Located in the center of Beijing, the Forbidden City served as the palace for the emperor of China from 1420 to 1912 CE, a period encompassing the Ming and Qing dynasties. It was home to the celestial leaders of China, men that possessed the Mandate of Heaven. A total of 24 emperors lived and ruled from the vast and magnificent complex for almost 500 years, until the last Chinese dynasty was overthrown in 1912 with the abdication of Emperor Xuantong, more commonly known as Puyi.
People have been climbing as long as they've existed, and for those who relish the challenge, nothing can top Mount Everest, the tallest mountain on the planet at over 29,000 feet. As Sir Edmund Hillary put it, "It is not the mountain we conquer but ourselves."
In the summer of 2002, Shannon Leone Fowler, a 28-year-old marine biologist, was backpacking with her Australian fiancé, Sean, in Thailand. They were planning to return to Australia after their excursion to Koh Pha Ngan, but their plans were tragically derailed when a box jellyfish - the most venomous animal in the world - wrapped around Sean's leg, stinging and killing him in minutes as Shannon helplessly watched.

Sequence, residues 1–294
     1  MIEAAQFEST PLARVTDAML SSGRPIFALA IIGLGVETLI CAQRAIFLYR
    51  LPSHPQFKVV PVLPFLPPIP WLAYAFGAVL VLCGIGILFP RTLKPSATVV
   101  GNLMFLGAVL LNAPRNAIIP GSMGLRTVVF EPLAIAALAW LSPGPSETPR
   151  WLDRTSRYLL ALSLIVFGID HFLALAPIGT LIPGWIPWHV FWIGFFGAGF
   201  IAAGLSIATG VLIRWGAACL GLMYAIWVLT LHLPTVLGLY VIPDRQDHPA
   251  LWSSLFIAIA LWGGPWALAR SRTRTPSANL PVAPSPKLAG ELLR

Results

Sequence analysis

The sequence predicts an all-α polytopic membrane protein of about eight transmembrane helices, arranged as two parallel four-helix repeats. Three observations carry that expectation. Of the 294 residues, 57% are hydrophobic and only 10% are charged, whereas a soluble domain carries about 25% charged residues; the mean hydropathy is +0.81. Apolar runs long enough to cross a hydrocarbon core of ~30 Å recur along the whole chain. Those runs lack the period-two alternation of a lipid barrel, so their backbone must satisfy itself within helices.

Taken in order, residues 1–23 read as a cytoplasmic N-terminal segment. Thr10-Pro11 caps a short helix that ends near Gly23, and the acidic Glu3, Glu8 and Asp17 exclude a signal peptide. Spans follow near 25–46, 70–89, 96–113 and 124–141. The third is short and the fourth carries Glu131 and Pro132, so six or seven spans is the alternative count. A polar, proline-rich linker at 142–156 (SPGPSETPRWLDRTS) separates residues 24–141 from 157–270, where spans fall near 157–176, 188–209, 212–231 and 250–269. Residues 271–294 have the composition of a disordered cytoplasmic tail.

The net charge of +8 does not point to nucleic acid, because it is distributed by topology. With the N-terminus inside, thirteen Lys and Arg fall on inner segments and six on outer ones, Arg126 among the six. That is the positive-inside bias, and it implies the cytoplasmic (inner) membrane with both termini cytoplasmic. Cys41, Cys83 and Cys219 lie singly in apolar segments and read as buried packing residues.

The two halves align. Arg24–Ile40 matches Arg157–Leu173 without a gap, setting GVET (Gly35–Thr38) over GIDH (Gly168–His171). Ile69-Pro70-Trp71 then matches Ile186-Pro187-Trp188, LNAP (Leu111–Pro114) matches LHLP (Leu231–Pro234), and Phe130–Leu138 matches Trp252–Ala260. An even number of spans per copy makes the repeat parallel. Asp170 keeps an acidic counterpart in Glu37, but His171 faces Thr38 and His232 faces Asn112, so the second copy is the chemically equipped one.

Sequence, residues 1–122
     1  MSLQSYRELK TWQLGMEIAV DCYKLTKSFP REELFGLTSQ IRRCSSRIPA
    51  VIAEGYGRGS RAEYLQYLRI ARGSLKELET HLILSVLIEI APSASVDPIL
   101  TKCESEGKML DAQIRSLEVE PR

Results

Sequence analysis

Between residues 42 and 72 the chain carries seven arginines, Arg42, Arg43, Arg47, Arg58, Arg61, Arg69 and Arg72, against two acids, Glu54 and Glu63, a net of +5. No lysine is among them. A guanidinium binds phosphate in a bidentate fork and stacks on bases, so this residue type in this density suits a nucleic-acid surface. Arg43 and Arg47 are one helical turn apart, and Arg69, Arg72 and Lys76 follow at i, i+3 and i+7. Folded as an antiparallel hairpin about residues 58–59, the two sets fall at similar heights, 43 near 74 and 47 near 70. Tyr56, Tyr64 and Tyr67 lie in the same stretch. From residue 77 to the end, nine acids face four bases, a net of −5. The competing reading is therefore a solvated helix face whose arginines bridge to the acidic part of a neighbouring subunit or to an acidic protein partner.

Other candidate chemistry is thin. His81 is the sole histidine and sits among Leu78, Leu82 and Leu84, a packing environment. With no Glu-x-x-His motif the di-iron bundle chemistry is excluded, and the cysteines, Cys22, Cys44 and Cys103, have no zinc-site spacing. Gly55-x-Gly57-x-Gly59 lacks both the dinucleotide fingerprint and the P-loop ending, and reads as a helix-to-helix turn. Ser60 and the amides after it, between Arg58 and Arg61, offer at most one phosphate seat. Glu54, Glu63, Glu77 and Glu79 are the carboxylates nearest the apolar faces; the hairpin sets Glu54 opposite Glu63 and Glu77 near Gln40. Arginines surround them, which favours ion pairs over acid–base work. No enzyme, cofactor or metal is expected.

There are just so many of those things that history is holding inside and whenever one tries to look over for the facts which are left behind, there is that amazing and astounded feeling of getting overwhelmed. So is the case with History of Israel which talks about so many of those things that happened with the existence of this country.
The samurai are still remembered as some of the fiercest and most skilled warriors in human history. The name alone evokes an image of the grave and powerful swordsman, clad in lacquered armor and armed with a code of honor and clarity of mind that makes the soldiers of the modern era look like children new to the art. But what was it that allowed these men to hone their minds and bodies to such levels of skill and precision? They had no more and no less than any human alive today.